How Eating Dinner as a Family Improves Critical Thinking

Mormon Family Dinner

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Growing up, my family sat down for dinner together seven days a week. My grandfather was a chef, so dinnertime was always a treat. Five and seven course meals were the norm back then. My grandfather’s day revolved around meal preparation. There were seven of us at the dinner table, so making dinner was a time consuming process. He would  start dinner preparation after lunchtime and soon our house would be filled with the wonderful aromas of ginger, garlic and fragrant spices.  These days, families are sitting down to dinner less and less. It is estimated that only 10% to 25% of families eat together 4 days a week. This is leaving our children at a disadvantage – especially when it comes to critical thinking. Outside of an educational setting, what better place is there than the dinner table for a child to practice, exercise, and experiment with critical thinking skills?

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Meetings…How many people does it take to solve a problem?

Conference room

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Recently, I’ve been pondering how many (or how few) people it takes to efficiently and effectively solve a problem. Unfortunately, sometimes solving problems means lots of meetings. While meetings are intended to promote collaboration and to bring the best thinking to challenges, not all meetings are productive. I believe  good meetings hinge upon two things: 1) leadership and 2) teamwork. As I watched the recent U.S. debt deal unfold in Congress, I began to think about how poorly solved problems could be a result of unproductive meetings.

When it comes to leadership, a good leader sets a vision, creates clear goals AND helps the team reach those goals. Yes, there are different types of leadership styles and ways of approaching situations, but as author, John C. Maxwell said, “A leader is one who knows the way, goes the way, and shows the way.”

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Designing for Kids has Adult Sales Appeal

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I’ve never been much of a parade person. Not that I have anything against parades, but they’ve just never held my interest. However, this year has been different. And, it had a lot to do with how the parade was designed. Our town, probably like many others, was experiencing a dwindling parade population. In thinking about how to solve the problem, parade organizers designed a creative parade experience with kid appeal.

First, they invited the town’s little leagues to march in the parade. Second, the little leaguers tossed candy into the crowds. While some little leaguers aimed candy towards their siblings, others were happy to throw the furthest, throw to the loudest fans, or throw to unsuspecting parade goers. What a great way to engage attendees and to workout to those future-baseball arms. Lastly, little league families were invited for a free ice cream social after the parade!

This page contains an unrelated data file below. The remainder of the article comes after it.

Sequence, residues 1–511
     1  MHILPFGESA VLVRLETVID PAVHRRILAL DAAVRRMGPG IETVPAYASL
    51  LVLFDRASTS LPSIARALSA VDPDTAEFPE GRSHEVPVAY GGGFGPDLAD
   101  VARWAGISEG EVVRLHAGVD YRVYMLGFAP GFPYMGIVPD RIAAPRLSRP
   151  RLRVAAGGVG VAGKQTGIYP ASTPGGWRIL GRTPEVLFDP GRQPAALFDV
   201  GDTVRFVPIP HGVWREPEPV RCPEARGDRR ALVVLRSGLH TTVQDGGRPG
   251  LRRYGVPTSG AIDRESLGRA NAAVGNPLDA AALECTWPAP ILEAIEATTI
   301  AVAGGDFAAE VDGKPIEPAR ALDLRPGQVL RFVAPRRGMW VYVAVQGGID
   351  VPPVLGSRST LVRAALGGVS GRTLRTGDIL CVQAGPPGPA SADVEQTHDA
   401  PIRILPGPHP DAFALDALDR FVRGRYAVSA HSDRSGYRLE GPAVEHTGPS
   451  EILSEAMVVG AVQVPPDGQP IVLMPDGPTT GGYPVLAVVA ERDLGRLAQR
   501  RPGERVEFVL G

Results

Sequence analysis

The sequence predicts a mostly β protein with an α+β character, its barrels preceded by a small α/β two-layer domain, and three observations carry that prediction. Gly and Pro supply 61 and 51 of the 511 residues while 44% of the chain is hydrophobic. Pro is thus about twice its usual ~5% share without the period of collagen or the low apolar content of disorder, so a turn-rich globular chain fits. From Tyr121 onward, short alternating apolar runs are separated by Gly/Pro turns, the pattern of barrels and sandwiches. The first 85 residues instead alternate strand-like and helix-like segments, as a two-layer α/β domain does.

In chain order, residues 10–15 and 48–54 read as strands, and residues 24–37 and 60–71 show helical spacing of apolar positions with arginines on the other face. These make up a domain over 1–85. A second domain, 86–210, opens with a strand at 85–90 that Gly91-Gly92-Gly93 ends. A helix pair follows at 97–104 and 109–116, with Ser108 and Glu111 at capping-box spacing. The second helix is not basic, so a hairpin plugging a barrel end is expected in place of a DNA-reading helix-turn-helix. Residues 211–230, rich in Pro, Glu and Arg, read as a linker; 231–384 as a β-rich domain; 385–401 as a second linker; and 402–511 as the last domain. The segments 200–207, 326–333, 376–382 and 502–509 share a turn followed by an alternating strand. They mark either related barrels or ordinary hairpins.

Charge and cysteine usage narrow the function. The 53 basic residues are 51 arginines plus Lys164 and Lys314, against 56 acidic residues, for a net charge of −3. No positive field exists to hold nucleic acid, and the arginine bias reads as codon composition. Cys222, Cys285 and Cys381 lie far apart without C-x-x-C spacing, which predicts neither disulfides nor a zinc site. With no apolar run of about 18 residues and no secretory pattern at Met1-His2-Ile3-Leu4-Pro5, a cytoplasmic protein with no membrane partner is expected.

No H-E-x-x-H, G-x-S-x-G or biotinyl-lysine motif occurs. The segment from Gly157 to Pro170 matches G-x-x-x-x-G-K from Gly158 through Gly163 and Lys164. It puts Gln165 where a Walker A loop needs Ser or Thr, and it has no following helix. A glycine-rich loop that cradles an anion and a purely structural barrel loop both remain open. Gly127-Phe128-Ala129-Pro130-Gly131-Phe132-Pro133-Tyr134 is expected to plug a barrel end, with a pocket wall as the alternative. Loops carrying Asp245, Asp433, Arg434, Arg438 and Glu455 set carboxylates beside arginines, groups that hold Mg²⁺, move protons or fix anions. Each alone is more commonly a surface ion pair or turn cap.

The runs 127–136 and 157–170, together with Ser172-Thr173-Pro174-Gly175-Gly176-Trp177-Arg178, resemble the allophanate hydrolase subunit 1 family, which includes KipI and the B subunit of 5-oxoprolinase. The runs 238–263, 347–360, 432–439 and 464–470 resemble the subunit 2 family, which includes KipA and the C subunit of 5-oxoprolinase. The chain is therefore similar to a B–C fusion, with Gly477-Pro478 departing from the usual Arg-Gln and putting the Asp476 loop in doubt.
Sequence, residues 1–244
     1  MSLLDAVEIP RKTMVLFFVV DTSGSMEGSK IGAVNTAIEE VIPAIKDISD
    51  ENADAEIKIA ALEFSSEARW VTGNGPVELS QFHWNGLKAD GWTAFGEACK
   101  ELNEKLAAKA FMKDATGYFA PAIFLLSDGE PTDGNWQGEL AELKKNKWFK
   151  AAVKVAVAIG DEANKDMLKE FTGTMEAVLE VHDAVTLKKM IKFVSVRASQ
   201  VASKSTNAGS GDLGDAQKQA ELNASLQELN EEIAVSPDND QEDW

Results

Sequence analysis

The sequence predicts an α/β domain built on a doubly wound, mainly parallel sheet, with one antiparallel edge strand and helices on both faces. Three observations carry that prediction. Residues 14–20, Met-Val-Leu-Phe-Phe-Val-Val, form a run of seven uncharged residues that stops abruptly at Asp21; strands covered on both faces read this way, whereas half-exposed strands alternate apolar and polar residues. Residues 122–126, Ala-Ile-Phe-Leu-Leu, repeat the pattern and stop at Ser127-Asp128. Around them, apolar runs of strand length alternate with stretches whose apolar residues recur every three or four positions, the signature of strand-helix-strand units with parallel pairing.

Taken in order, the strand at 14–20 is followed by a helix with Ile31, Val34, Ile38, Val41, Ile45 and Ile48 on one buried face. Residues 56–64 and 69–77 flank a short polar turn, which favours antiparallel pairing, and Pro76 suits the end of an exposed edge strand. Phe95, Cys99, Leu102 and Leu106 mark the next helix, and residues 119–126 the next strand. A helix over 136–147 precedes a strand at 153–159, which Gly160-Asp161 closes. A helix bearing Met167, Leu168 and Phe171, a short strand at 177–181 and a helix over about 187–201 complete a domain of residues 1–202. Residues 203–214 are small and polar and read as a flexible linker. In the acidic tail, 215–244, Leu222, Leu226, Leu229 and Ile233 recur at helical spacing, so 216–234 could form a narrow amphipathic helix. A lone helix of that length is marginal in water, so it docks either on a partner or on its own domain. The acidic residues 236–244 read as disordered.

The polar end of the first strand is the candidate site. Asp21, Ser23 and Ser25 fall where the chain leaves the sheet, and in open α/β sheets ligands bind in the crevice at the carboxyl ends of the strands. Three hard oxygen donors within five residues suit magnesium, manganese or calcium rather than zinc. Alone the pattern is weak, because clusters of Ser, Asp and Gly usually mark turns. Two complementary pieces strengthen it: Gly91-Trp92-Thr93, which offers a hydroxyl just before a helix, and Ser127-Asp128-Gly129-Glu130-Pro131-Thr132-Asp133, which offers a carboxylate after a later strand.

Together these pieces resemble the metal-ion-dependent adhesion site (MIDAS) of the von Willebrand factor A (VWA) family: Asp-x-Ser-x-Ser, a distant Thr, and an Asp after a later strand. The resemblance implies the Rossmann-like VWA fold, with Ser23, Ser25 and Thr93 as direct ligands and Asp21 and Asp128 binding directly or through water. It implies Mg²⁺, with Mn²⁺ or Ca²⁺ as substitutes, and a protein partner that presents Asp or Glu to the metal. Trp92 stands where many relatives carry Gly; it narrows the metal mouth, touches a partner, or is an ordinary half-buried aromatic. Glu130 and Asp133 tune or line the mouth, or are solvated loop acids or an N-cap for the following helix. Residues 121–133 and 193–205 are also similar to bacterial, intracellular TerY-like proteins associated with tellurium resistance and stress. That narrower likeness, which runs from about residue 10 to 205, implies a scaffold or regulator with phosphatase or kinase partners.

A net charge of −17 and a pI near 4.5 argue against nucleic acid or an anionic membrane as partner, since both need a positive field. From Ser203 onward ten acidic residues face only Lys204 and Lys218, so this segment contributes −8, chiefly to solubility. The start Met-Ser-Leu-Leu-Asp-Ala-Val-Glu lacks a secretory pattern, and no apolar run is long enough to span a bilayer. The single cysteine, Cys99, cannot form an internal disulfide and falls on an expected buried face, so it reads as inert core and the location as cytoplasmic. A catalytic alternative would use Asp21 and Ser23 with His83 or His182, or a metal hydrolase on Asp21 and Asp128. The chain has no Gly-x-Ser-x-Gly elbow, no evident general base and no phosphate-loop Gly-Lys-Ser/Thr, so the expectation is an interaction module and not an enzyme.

Designing the parade with kids in mind had great adult “sales” appeal as well. Some of my learning from this experience included:

  • When your kids are invited to march in the parade, your entire family is more likely to attend the parade
  • Giving the marchers an activity, like throwing candy, is fun and helps pass the time
  • Siblings enjoyed watching the parade go by, spotting family members, and catching candy
  • Happy kids = happy parents!

For me, this year’s parade experience has changed my perspective. Our town did a great job of changing my mind by changing how I feel. By incorporating my son into the parade and making the parade fun for his brother, it put a smile on my face. So, each year as the weather gets warmer, and the parades become more plentiful, I look forward to Memorial Day parades, July 4th parades, and so on…

And, if you think designing for kids just pertains to parades, think again. Look no further than the cereal aisle, toy store, or video games for the explosive potential in designing for kids. The next time you pass by a product geared towards kids, think about how marketers might be subliminally (or not so subliminally) talking to parents with packaging, advertising and emotional appeal.


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My Sons’ Reactions to Creatively Ever After

Chapter 1, Creatively Ever After

Every night for nearly 7 years my husband and I have read bedtime stories to the kids. Now that the kids are older, they are excited to choose their own books. With shelves of books, I was surprised when my boys asked to read my book, Creatively Ever After. Though it is being published in just a few short weeks, I have never read my book aloud to an audience.

At first, I wasn’t sure if a soon-to-be second grader and a soon-to-be kindergartener would understand the “grown-up” concepts of creativity, innovation, and the creative problem solving process. I was a bit nervous as I started reading. My kids tell it like it is..the good, the bad and the ugly!

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Letting Kids Win at Games Builds Creative Thinking Muscles

View of a game of Strange Synergy, a card and ...